If the planned trial update on the Ropsten public testnet proceeds as planned later today, Ethereum’s Merge—the blockchain’s much-anticipated move from its current proof-of-work (PoW) mechanism to a proof-of-stake (PoS) consensus algorithm—will be one step closer.
Ropsten is Ethereum’s oldest testnet, having been launched in 2016. It enables for blockchain development testing prior to deployment on the mainnet. It is similar to the mainnet, just as other testnets are, with the exception that no “actual” funds are at risk if any technical issues arise.
On May 18, Ethereum core developer Terence Tsao reported that the configuration for Ropsten’s Beacon Chain—a PoS network that runs alongside Ethereum’s mainnet—had been merged and that client releases should be coming soon.
Following that, on May 30, another Ethereum developer, Tim Beiko, announced the launch of a new beacon chain, and on June 2, the Bellatrix upgrade—one of the two essential prerequisites for the Ropsten testnet Merge—was triggered.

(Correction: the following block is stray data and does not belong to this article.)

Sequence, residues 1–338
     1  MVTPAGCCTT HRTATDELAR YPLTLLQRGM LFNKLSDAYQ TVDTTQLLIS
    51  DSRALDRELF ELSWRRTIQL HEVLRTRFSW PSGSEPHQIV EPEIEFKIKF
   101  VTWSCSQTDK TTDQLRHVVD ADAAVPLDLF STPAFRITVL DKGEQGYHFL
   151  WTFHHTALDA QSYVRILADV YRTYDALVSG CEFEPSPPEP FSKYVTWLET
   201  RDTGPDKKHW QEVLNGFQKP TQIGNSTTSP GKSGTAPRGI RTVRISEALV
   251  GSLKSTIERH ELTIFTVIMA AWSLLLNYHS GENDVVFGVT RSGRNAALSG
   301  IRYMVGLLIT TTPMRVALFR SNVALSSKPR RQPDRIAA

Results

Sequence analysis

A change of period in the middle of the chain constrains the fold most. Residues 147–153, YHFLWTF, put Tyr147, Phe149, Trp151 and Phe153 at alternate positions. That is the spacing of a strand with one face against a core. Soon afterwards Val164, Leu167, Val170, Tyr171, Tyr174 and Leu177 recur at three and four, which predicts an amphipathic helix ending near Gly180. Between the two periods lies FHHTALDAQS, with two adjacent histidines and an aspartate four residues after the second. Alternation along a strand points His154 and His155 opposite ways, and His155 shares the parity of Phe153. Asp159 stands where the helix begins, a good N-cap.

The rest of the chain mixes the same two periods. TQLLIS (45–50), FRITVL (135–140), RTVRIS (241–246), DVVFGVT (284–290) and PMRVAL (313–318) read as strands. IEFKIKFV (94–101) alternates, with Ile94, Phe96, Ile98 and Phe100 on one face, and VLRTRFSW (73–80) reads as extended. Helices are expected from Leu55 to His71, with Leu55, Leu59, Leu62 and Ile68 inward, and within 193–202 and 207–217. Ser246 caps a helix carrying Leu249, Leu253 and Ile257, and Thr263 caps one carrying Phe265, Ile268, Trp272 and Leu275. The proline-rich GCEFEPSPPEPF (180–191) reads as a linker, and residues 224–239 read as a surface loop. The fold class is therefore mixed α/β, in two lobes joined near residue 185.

The developers also had to choose the “Terminal Total Difficulty” (TTD)—a pre-determined difficulty value at which the Ropsten Merge occurs—which they accomplished the next day, setting it to 50 quadrillion.
The high amount was decided “because of the low PoW hash rate on testnets, and the risk of The Merge occurring before the network was ready with the Bellatrix update,” Beiko explained.
Lighthouse, Lodestar, Prysm, Nimbus, Teku, Besu, Erigon, go-ethereum (geth), and Nethermind are among the client software projects participating in the Ropsten Merge, according to the Ethereum Foundation’s blog post.
In other words, it gives developers a sneak peek into what things will be like in the future when Ethereum ultimately switches to a less energy-intensive PoS computational method. And it’s evident that a successful Merge on the testnet will pave the way for the Ethereum mainnet’s changeover.
Last month, Ethereum Core engineer Preston van Loon noted, “Merging Ropsten is a key testing milestone towards Ethereum’s mainnet Merge later this year.”
However, this procedure has been in the works for several years, with frequent delays infuriating the community and investors.
The new PoS model is intended to address some of Ethereum’s most pressing issues, including high transaction costs and the network’s ability to scale, so the stakes are high, with the biggest upgrade in Ethereum’s history — if successful — having a good chance of becoming the crypto industry’s event of the year.